I have spent a few days researching and getting some good advice here and I plan to begin putting my table together this weekend. I am going to go simple for now to get rolling and figure out what is important to me and plan to build something full featured later. Also I am itching to get rolling on a project!

I have a few questions I would like to pose to the experts here.

1. Since I am in Houston my garage frequently gets to 100F with 80% humidity. If I use MDF for my table will it hold up? The Homedepot has MDF with Melamine on both sides would that help?

2. Space is at a premium since my garage is used for storage as well. I am thinking of attaching my table to my existing workbench with hinges but the top is almost 40" high. Will that be too high to be safe to work with? How easy is it to put screws into MDF?

3. I built an extremely sturdy frame for my portable poker table last year that I could use as a portable based instead. The frame is pretty large (6'x 3'). I expect my table top to be about 2' x 3'. Any ideas on how to attach it temporarily so I could easily take it apart?

4. My 3rd option is to build a simple frame from the many left over 2x3 and 2x4 and plywood I have laying around. If I do this I would like to put it on casters so I couldcasters a good idea easily move it around. Are tables with good locking ? I am afraid it could be too wobbly.

5. Really silly question. Should I use my fixed based to mount to the table top or the plunge base? I have the PC 893 fixed / plunge combo and assumed it should be the fixed base but after searching around here it looks like some folks use the plunge base.

6. What do most people use to keep the fence square to the work surface? A long T-Square, 90 degree square or maybe embed a ruler in the table? I saw some stick on ruler tape as well but worried the work piece might catch on it.

Sorry for the long post of questions but I really appreciate the great ideas from the members here.

Any advice or comments is appreciated.

Thanks!



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Last edited by bobj3; 06-04-2008 at 10:43 AM.
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post #6 of 13 (permalink) Old 06-04-2008, 12:40 AM
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Hey Roy,

Bj's right on about the fence. Because the bit is a single point, rather than a flat surface, like a TS blade. The fence dos'nt need to be parallel to anything on the table top. If you look at my last few posts you'll see how I made my fence. I did'nt want tracks or slots in the top because it doubles as a work surface. So I made an adjustable fence (with t-tracks) that I can clamp on anywhere.

I do like my tables a little higher though (40" +, I'm 6' 2"). And I have had very good luck with the locking casters from Hartville.

http://www.hartvilletool.com/product/11883

Rusty

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post #7 of 13 (permalink) Old 06-04-2008, 03:22 PM Thread Starter
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Bob and Rusty,

Thanks for the additional responses and great ideas! I plan to use a couple of them. I will check out a few of the other posts you mention as well.

I do have an update on my table top at least. I stopped by Rockler at lunch to pickup my router plate and I was lured in by the Father's Day sale of the table top. If you buy the standard top $159 before June 15th, they throw in the 4 piece option kit (feather boards and dust port) normally $40, for free.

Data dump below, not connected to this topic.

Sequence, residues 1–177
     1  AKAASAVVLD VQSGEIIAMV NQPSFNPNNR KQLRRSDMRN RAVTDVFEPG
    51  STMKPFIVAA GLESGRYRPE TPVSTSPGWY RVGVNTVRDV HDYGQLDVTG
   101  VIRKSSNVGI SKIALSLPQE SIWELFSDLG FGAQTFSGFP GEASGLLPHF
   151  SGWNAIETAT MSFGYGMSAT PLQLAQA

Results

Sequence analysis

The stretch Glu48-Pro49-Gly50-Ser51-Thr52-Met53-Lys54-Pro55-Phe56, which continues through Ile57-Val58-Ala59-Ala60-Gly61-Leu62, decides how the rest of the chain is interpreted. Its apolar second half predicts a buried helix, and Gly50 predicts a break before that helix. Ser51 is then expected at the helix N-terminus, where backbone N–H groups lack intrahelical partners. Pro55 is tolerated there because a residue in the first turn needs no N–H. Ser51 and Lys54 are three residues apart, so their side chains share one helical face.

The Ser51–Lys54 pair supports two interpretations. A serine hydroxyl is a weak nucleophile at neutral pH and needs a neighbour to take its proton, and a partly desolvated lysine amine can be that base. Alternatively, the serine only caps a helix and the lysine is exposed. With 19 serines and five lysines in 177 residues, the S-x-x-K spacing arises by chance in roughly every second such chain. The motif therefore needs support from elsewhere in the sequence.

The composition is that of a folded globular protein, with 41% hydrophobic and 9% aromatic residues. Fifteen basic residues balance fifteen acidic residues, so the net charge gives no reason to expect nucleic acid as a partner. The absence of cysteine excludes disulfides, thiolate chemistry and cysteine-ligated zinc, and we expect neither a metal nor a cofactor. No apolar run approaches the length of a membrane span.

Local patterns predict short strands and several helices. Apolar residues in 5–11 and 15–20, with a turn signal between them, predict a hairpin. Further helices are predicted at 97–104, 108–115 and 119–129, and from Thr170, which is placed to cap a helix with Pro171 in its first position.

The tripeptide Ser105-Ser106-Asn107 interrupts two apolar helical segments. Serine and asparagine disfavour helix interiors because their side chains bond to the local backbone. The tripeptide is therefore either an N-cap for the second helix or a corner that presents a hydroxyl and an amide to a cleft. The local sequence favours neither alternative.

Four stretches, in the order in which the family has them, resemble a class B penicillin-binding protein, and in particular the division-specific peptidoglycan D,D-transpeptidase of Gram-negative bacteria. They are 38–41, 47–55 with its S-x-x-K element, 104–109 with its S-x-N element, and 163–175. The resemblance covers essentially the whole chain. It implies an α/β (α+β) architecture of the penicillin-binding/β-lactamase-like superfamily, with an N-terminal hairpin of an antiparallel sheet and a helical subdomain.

Not sure the options are worth $40 but it was enough to get me to buy the top. I figured this is a pretty good first table to figure out was is important to me and I can sell it later if it does not work out. The plate alone is worth $60. I will build a simple frame this weekend out of excess lumber I have then design a more elegant solution with some of the fantastic ideas from you folks.

Thanks for the help!
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post #8 of 13 (permalink) Old 06-04-2008, 03:28 PM Thread Starter
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Quote:
Originally Posted by Router is still my name
I use a self made table
http://www.routerforums.com/tools-wo...html#post30682

My next table top wil be lighter so I can take it inside when I'm not using it.
It's th eonly way to keep things from warping around here.

Metal table may hold up to heat although not sure at this point(97-104 last two days) but they will rust here and they are too small space wise for my working habit and you will be locked in to the type of router plate you can use with them. also way too $$$$.
I have been admiring your table on the forum for a few days. I plan to "borrow" a few of your ideas as well.

Thanks for the ideas.
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post #9 of 13 (permalink) Old 06-04-2008, 05:14 PM
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I have been admiring your table on the forum for a few days. I plan to "borrow" a few of your ideas as well.
Thank you and help yourself. Enjoy your new router table top and play safe
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post #10 of 13 (permalink) Old 06-04-2008, 06:17 PM
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Hi Roy,

I like Routers table as well. But I have to ask, have you looked at OP's table? It's made from Birch ply, it's a table of simplicity. This should help give you some good idea's for your table.

http://us.oak-park.com/catalogue.html?list=BYOT--
http://us.oak-park.com/catalogue.html?list=RT01--

Ken